The South Downs Way runs through the heart of the South Downs National Park, stretching some 100 miles from historic Winchester to the coastal resort of Eastbourne. This is some of the finest, most unspoilt countryside that England has to offer, yet it’s less than an hour from London. Our South Downs Way visitor information pages give information on walking routes, cycle routes and places to visit.
When the first settlers arrived in this area around 6,000 years ago, they and their descendants understandably preferred the drier, safer hills to the swampy Weald below. This accounts for the long, clearly marked tracks over the South Downs, which were used by generations of settlers, including Bronze Age traders and Romans.
Nowadays, the comparatively flat landscape of the Hampshire & Sussex Weald is somewhat more welcoming than it was and the well maintained and clearly signposted South Downs Way is ideal for walkers, cyclists and horse riders alike. There is good access to all parts of the route and there’s plenty of accommodation and places to stop for lunch. Although there are some steep climbs, it’s realistically achievable for anyone with a decent level of fitness.
On days of clear visibility the walk across the chalk downlands of Sussex and Hampshire brings spectacular rewards – you can gaze across the English Channel and inland across the endless patchwork of fields, forests and villages of the Weald. You should also allow time for detours as there is a great deal to see close to the route, including numerous sites of historical interest, not to mention some outstanding pubs.
The South Downs Way takes you through a wonderfully varied landscape of woodland, chalk downs, arable farmland, meandering rivers, ancient forts and castles and picture postcard, traditional english villages. You can choose to walk, cycle or ride a small part of the way or if you are up for a challenge you can take on the whole route.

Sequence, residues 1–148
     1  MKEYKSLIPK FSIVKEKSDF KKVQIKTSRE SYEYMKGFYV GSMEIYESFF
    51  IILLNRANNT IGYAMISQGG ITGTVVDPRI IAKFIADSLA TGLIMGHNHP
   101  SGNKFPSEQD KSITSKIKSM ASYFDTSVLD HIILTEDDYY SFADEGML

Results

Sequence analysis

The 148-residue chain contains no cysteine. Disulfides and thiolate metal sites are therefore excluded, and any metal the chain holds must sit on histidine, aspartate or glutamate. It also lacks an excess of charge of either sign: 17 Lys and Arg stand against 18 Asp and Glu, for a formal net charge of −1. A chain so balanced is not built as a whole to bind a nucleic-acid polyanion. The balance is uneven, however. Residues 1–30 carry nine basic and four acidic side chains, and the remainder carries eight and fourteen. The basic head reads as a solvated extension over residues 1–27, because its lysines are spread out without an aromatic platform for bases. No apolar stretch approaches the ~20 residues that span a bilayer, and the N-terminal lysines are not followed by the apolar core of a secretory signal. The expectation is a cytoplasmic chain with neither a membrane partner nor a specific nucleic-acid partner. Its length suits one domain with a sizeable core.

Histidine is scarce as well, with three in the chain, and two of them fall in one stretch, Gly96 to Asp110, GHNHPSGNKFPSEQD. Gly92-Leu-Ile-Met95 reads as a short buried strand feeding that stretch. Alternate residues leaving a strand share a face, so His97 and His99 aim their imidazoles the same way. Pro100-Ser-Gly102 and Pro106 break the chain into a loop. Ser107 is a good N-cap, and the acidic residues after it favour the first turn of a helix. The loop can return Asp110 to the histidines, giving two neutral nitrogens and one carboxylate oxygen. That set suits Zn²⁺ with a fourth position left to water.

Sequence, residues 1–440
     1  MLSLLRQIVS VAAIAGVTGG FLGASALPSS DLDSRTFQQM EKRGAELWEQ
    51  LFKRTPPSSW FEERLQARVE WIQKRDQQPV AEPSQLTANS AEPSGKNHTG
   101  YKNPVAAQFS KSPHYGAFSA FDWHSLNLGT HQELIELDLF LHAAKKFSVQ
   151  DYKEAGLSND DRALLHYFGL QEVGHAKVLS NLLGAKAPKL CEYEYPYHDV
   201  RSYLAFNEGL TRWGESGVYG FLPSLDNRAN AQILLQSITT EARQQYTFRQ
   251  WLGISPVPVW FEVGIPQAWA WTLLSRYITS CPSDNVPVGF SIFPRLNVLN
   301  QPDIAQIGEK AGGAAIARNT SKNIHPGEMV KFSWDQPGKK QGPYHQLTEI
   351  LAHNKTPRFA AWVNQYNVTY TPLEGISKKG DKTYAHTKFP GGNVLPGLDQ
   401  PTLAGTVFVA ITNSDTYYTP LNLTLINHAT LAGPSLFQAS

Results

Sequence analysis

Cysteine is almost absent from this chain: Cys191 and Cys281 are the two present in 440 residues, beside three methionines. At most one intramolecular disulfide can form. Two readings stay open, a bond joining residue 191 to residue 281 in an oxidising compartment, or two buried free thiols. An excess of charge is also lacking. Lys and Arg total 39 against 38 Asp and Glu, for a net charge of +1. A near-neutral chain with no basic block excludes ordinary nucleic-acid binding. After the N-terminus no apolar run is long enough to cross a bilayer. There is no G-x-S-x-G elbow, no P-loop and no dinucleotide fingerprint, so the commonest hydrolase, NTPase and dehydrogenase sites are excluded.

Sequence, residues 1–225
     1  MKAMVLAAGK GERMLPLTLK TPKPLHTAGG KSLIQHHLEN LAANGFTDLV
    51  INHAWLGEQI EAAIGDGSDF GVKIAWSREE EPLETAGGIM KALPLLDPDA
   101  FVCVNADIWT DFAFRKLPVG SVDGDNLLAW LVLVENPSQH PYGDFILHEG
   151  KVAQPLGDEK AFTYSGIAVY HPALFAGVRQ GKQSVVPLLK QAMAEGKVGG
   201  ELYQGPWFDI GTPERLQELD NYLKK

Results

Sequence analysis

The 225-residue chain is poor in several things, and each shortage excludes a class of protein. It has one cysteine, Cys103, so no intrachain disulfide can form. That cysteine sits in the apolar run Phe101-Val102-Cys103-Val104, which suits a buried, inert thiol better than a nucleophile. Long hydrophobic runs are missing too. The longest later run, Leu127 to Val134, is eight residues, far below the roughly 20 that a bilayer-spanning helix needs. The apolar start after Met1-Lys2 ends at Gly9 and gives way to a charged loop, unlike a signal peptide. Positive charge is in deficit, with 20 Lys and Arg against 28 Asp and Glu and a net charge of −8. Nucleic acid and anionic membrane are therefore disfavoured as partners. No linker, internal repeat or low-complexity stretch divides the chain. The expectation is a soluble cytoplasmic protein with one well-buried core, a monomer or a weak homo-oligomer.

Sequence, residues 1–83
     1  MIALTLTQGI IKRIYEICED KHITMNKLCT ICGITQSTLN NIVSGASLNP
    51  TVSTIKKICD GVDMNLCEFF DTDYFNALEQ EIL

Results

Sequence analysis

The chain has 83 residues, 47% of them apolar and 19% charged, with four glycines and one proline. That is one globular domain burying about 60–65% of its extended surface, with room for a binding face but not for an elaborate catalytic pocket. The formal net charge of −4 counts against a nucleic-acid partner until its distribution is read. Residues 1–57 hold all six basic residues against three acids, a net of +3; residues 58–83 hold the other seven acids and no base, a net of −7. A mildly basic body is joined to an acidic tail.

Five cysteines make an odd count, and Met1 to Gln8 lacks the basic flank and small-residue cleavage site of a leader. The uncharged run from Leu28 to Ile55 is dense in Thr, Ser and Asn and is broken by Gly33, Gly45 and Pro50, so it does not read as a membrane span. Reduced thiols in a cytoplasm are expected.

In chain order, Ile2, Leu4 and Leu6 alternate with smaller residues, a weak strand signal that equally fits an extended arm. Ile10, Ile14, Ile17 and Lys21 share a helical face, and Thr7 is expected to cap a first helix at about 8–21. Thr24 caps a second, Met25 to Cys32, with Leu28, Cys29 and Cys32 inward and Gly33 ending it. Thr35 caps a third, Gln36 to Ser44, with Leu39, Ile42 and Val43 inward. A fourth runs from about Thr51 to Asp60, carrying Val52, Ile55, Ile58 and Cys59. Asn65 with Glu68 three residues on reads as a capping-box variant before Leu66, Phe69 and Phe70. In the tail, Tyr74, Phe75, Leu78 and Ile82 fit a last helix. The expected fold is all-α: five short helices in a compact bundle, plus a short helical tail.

The South Downs Way is Britain’s oldest long distance bridleway and you can’t help but feel the sense of history around you. You’ll either start or end in the historic city of Winchester, once the Capital of England. Take some time to wonder through the ancient splendour of this beautiful city, particularly the awe inspiring cathedral. The path will also take you past the historic towns of Arundel and Lewes with their imposing castles visible from the way.
You can walk or cycle the South Downs Way in either direction and both have their plus points. On balance, we’d recommend walking east from Winchester to Eastbourne. The prevailing wind is more likely to be at your back and the finale of the spectactular Seven Sisters and Beachy Head is hard to beat!
South Downs Way Route Guide
South Downs Way Highlights
- The cathedral city of Winchester.
- Old Winchester hill – great views and there is a fine Iron Age hill-fort site at the top.
- Butser Hill – highest point on the South Downs Way at 270 metres.
- Queen Elizabeth Country Park – large area of beautiful mixed woodland.
- Harting Down – fantastic views across the Weald, it’s possible to see the North Downs on a clear day.
- Bignor Roman Villa – dating back to 3rd Century AD, with amazingly preserved mosaic floors. It’s 1.5 miles from the South Downs Way and just off the old Roman road Stane Street.
- Amberley village – one of the prettiest villages in the South Downs, just off the way.
- Arundel with its magnificent castle and cathedral
- Chanctonbury Ring – said to be haunted, it’s the site of an Iron Age hill-fort dating back to the 6th Century BC. Fantastic views out to sea and along the downs.
- River Adur – views south towards the stunning hillside Abbey at Lancing College.
- Fulking Hill – spectacular 360° views.
- Devils’s Dyke – legend has it that the Devil dug the valley to drown the parishioners of the Weald.
- Jack & Jill Windmills – famous local landmarks that can be seen from miles around.
- Ditchling Beacon – heading east from here, there are fantastic views inland across the weald and towards ashdown forest.
- Iford Hill – great views inland towards Mount Caburn to the north and the sea to the south.
- Monk’s House, Rodmell – this was the home of Virginia Woolf, now owned by the National Trust and open to the public.
- The picture postcard village of Alfriston, right on the way.
- Windover Hill – great spot for expansive views.
- Cuckmere Valley – where the river Cuckmere meanders it’s way to the sea.
- Seven Sisters – iconic, glorious coastal scenery, arguably the highlight of the whole South Downs Way.
- Beachy Head – spectacular chalk cliff jutting into the English channel with fine views west across the Seven Sisters and east over Eastbourne and beyond.